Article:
Back in June, I began reading the book What If Everybody Understood Child Development? by Rae Pica. I'm grateful for Rae and the thinking she has inspired on these issues in education. (You can see all the posts in this blog series on the Book Study page.)
All of the issues that Rae has raised are important for young kids and their teachers. In fact, as I read the book, I also kept seeing blog posts and news stories that connected with it. The post that continues to resonate with me is Amanda Morgan's post "Allowing Children to Bloom in Season" (Not Just Cute).
She compares the growth and development of children to flowers in a garden. There's a predictable pattern to the growth and development. But each flower (and child) blooms at its own time. And for children sometimes that blooming season lasts longer or comes later.
As I pondered what I had read in Rae's book (and saw repeated in other places), I thought about the people that are proposing some of these challenging practices. I really think that teachers and most administrators have the same goal in mind--children who grow and learn and are successful. But sometimes in trying to get there, adults forget who kids are and how they are. They try "short cuts" to success and end up doing things that are not the best for them. They don't think about development. Or they are trying to be more expedient and don't realize the consequences of those choices.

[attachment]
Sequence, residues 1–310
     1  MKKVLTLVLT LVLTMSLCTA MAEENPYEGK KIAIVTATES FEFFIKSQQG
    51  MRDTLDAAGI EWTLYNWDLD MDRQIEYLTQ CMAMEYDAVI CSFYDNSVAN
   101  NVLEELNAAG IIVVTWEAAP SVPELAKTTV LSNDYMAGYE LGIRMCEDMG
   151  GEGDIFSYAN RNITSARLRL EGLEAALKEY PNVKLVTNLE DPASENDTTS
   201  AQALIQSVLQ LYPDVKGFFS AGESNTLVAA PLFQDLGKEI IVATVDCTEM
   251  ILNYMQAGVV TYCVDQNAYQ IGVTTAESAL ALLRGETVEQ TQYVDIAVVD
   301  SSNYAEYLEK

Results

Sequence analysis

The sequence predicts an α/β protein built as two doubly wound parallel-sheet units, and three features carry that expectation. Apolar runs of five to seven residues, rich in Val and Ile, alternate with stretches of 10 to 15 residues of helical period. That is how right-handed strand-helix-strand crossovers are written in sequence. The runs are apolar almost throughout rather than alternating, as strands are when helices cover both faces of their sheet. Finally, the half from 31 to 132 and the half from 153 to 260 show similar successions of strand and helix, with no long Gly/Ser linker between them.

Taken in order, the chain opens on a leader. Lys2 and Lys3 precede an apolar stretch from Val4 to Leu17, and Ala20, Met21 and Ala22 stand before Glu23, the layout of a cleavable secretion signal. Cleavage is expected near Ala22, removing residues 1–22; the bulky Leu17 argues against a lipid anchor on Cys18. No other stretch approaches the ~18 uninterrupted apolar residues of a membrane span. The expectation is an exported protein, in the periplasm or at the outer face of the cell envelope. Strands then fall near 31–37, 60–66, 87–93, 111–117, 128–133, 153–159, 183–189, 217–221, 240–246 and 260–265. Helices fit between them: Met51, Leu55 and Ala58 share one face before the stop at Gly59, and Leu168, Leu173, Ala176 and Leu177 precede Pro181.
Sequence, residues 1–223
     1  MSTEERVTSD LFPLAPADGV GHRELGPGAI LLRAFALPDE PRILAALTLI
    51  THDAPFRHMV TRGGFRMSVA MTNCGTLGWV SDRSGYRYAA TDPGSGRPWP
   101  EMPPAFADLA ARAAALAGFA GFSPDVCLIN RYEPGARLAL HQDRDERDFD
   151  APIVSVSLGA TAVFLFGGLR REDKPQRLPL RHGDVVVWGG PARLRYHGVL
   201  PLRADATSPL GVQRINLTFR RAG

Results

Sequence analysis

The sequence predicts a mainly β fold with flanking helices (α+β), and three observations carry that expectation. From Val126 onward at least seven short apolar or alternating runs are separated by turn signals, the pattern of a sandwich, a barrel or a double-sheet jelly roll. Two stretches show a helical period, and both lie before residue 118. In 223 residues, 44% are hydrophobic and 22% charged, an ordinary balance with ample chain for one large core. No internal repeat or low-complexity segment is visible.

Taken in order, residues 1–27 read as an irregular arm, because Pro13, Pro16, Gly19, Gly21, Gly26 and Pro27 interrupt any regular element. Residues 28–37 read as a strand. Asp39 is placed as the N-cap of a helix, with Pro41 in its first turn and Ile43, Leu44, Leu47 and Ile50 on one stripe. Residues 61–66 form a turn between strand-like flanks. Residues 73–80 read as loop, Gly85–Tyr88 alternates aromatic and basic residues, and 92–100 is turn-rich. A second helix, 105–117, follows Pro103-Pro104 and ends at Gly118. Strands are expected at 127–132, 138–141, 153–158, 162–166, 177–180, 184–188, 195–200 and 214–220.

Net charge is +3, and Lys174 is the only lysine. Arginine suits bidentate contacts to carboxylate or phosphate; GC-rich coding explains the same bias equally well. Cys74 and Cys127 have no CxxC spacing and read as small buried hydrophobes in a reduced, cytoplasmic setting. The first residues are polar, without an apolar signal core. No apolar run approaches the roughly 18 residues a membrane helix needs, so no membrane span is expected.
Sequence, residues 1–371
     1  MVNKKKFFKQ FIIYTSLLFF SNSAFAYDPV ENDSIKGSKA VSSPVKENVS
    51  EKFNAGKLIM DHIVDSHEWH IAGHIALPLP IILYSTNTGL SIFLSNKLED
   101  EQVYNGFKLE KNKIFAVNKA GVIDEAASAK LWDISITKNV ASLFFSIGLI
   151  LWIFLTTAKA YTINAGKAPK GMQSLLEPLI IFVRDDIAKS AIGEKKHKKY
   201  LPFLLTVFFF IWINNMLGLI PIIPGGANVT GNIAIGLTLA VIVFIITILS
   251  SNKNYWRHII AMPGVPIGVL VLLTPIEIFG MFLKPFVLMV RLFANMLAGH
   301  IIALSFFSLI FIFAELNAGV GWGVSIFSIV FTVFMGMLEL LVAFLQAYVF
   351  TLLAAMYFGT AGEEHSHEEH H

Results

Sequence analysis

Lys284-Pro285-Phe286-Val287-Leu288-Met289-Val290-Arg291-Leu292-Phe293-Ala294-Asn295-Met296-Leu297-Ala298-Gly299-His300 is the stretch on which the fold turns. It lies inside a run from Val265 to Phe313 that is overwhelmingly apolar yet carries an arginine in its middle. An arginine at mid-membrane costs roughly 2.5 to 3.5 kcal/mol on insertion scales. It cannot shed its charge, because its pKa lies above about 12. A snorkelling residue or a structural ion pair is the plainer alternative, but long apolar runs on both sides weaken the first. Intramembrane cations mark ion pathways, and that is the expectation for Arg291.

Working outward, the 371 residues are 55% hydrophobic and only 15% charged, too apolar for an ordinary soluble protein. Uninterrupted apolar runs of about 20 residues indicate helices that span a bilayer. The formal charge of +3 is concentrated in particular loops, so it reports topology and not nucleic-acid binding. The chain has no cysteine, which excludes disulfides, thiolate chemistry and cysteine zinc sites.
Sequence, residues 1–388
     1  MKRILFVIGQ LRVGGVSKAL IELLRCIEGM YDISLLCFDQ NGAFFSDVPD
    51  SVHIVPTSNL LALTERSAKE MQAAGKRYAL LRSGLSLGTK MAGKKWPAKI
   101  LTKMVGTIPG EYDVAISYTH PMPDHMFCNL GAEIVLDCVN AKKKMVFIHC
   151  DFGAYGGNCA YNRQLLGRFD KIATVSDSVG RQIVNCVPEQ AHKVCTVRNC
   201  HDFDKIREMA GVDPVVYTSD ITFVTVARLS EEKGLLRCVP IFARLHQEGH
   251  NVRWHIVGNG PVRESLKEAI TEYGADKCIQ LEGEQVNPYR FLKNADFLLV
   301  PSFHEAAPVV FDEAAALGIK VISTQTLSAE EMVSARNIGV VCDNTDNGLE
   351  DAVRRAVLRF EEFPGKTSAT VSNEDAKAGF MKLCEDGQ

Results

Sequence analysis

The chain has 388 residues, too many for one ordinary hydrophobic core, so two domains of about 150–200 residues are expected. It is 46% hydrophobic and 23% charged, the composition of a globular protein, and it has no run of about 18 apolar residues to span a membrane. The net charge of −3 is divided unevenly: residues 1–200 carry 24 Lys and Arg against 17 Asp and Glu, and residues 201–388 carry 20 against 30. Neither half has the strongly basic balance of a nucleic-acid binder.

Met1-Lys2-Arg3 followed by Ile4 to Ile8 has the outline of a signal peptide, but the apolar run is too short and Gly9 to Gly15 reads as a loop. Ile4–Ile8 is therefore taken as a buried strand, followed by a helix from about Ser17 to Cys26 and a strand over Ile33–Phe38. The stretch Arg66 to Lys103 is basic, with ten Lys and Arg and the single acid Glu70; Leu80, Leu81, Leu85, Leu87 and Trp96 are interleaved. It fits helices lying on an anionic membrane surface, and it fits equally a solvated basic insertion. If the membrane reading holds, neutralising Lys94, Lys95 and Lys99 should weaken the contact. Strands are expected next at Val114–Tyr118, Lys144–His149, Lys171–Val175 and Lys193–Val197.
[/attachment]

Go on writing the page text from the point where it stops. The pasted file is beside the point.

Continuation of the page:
As I blogged earlier, I think we teachers should think about the kids first. Then we can make intentional and balanced choices. Overall, that's my takeaway from this book. Think about the kids. Make intentional choices that relate to helping kids bloom in their own seasons. And take a balanced approach to technology, educational trends, and so forth.
The key quote from this book, the one that comes back to my mind again and again: "We talk so much about preparing kids for school but give very little thought to preparing schools for kids." (Rae Pica)
As I create learning environments for kids, I want to think about them and how I can prepare that environment for them--prepare the environment according to child development and according to the individuals that I have that inhabit it.
I highly recommend Rae's book. And I welcome any comments you have about it.